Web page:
I also respect your beliefs, but I have experienced all my life, and I dont mean to offend you, but that atheist people are usually cold hearted, and always are mocking the christians.  I truly feel that we all have free will to believe, and live the way we choose.  I am not trying to change anybody.  But I can say that God has been there for me.   My question to you is, where to you go, or what practices do you do being an athiest when things go wrong in your life?  I have prayer, what do athiest have.  I truly do not know.  As for my children, I would rather they hear from me that there  is of hope and joy in beleiveing in God,.  then they grow  up and get sucked into a  acult type religion that promises them eternity if they shave their heads and hop on one foot, so to speak.  They of course do understand that for there to be a heaven, there has to be a hell.  This is why God sacrified his son, so that I don't  have to go to hell.  Did you have a bad experience in Christianity?  I'm just curious.  I'll take a look at your hubs, smile

        2. livelonger profile image87
          livelongerposted 5 years ago in reply to this

          Then you believe in an afterlife? Why else would you care what's done with your body? You'll be dead then.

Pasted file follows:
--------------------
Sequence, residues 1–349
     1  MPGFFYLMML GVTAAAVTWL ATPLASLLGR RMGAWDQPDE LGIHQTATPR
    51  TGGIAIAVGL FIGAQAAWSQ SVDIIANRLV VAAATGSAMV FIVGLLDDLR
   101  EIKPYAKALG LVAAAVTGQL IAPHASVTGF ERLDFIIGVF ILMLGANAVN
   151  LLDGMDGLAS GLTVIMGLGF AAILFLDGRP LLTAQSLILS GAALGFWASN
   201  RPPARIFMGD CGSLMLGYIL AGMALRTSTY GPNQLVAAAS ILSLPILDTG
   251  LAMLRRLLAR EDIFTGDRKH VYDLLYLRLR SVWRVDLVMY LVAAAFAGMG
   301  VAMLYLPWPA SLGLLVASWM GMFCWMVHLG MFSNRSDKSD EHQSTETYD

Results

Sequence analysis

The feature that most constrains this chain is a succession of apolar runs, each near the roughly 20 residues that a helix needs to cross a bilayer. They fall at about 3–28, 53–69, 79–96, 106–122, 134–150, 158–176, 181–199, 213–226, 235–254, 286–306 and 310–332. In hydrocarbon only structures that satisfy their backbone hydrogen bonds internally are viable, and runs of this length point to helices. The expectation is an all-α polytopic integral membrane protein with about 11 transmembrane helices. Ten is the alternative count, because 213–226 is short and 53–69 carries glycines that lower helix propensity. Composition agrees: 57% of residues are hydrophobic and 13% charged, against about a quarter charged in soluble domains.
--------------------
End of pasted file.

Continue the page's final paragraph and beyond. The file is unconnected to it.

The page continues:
5. Karen N profile image60
      Karen Nposted 5 years ago in reply to this

      I can't speak for anyone else but that was certainly the case for me.

    6. Dave Mathews profile image60
      Dave Mathewsposted 5 years ago in reply to this

      No definitely not. Since God is "LOVE" unconditional love, what is there to fear.
      God is my heavenly father,creator,provider,teacher,friend,savior. What is there to fear in this God?

      1. earnestshub profile image85
        earnestshubposted 5 years ago in reply to this

        If I had a roll of toilet paper I could list some of the biblical reasons, but one would need to be blind by choice to avoid them all, so I will assume you have not read the "good book" smile

    7. Valerie F profile image60
      Valerie Fposted 5 years ago in reply to this

      I think most people of sincere faith believe out of a desire for friendship with that which is Supreme.

      1. Timothy Donnelly profile image61
        Timothy Donnellyposted 5 years ago in reply to this

        Very well said, Valerie!

        1. Jerami profile image78
          Jeramiposted 5 years ago in reply to this

          A "real" christian is goina believe for love  not hate.

              Hate never brought about anything that was worth keeping.  !!